“Reconcile comes from a word that means to change thoroughly from one position to another (Eph. 2:16; Col. 1:20-21). It means that someone is completely altered and adjusted to a required standard. (Rom. 5:6-11). 

He is saying that the word “reconcile” means that by the death of Christ on the cross, God changes a person to a completely altered state related to God and adjusts that person to the required standard of God.  What is God’s standard?  His own righteousness.  Because Jesus died on the cross for the sins of man, paying the penalty of sin, man is altered and adjusted to the righteousness of God.  Listen to what Paul writes in Romans,

10 For if when we were enemies we were reconciled to God through the death of His Son, much more, having been reconciled, we shall be saved by His life. 11And not only that, but we also rejoice in God through our Lord Jesus Christ, through whom we have now received the reconciliation. (Rom. 5:10-11)

We were considered as enemies by God, but because of the cross, we were altered and adjusted to the required standard. The sin barrier was removed by Jesus’ death, so that God could now look at man in a different way. Note that last phrase, “we received the reconciliation.” We’ll see that below. It is the part man must do for the fullness of reconciliation. Then Unger says,

By the death of Christ, the world is changed in its relationship to God. Man is reconciled to God, but God is not said to be reconciled to man.  By this change lost humanity is rendered savable.

Here the change is caused by the death of Jesus on the cross, Who died for our sins.  Notice he says that man is reconciled to God, but nowhere does it say in Scripture that God is reconciled to man.  THAT is very significant.  Furthermore, man is then placed in a “savable” condition, whereby man can be saved.  Man has been placed in an altered condition and adjusted to the righteousness of God and rendered savable.  But man is not saved at that point, because there is a second part of the reconciliation that is necessary.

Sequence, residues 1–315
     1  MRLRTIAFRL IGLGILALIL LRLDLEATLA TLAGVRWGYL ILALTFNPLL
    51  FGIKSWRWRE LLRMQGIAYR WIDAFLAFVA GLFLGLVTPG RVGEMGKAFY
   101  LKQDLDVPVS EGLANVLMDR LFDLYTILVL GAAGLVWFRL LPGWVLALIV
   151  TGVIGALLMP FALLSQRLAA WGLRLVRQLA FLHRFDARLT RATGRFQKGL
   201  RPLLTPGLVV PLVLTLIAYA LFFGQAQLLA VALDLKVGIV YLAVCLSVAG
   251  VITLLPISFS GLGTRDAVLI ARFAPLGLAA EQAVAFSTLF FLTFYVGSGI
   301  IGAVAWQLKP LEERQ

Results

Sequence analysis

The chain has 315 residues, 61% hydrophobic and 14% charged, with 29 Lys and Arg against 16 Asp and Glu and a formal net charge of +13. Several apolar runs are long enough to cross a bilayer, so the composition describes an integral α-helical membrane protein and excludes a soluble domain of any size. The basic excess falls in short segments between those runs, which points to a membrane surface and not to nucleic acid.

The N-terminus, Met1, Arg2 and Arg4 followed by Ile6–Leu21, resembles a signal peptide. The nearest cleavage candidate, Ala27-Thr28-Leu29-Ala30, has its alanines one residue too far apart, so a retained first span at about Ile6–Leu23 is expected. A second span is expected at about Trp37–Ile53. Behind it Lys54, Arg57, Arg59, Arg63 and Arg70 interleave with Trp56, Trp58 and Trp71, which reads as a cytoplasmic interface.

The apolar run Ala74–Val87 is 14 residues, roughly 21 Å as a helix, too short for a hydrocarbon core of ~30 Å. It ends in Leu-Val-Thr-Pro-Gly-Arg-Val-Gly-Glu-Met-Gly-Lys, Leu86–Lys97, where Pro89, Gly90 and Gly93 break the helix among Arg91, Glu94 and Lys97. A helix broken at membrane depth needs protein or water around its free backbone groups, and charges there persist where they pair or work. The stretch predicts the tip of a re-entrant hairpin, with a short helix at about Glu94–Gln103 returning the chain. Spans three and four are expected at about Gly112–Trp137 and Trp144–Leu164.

Unger continues addressing the relationship,

As a result of the changed position of the world through the death of Christ, the divine attitude toward the human family can no longer be the same. 

Because of the death of Jesus, God’s attitude had to change toward mankind.  It couldn’t be the same. Why couldn’t it remain the same, that is, considering man as an enemy (Rom. 5:10)?

God is enabled to deal with lost souls in the light of what Christ has accomplished.  Although this seems to be a change in God, it is not a reconciliation; it is rather a ‘propitiation.’